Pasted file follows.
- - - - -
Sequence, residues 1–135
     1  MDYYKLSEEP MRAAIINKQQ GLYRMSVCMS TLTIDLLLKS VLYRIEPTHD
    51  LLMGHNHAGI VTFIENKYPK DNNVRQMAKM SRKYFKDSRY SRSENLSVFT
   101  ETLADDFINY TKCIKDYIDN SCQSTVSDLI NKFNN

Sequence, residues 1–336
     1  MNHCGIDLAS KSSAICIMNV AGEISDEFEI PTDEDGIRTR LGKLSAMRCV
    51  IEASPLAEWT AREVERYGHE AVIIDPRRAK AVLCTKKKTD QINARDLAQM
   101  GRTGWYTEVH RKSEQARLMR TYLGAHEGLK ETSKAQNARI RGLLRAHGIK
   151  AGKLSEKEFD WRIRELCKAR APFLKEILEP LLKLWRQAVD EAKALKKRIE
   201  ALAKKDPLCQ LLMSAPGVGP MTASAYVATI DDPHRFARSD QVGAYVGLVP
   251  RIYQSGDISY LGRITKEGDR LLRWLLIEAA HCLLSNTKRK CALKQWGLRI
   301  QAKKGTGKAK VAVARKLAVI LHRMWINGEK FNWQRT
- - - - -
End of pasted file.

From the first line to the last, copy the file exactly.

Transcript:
Sequence, residues 1–135
     1  MDYYKLSEEP MRAAIINKQQ GLYRMSVCMS TLTIDLLLKS VLYRIEPTHD
    51  LLMGHNHAGI VTFIENKYPK DNNVRQMAKM SRKYFKDSRY SRSENLSVFT
   101  ETLADDFINY TKCIKDYIDN SCQSTVSDLI NKFNN

Sequence, residues 1–336
     1  MNHCGIDLAS KSSAICIMNV AGEISDEFEI PTDEDGIRTR LGKLSAMRCV
    51  IEASPLAEWT AREVERYGHE AVIIDPRRAK AVLCTKKKTD QINARDLAQM
   101  GRTGWYTEVH RKSEQARLMR TYLGAHEGLK ETSKAQNARI RGLLRAHGIK
   151  AGKLSEKEFD WRIRELCKAR APFLKEILEP LLKLWRQAVD EAKALKKRIE
   201  ALAKKDPLCQ LLMSAPGVGP MTASAYVATI DDPHRFARSD QVGAYVGLVP
   251  RIYQSGDISY LGRITKEGDR LLRWLLIEAA HCLLSNTKRK CALKQWGLRI
   301  QAKKGTGKAK VAVARKLAVI LHRMWINGEK FNWQRT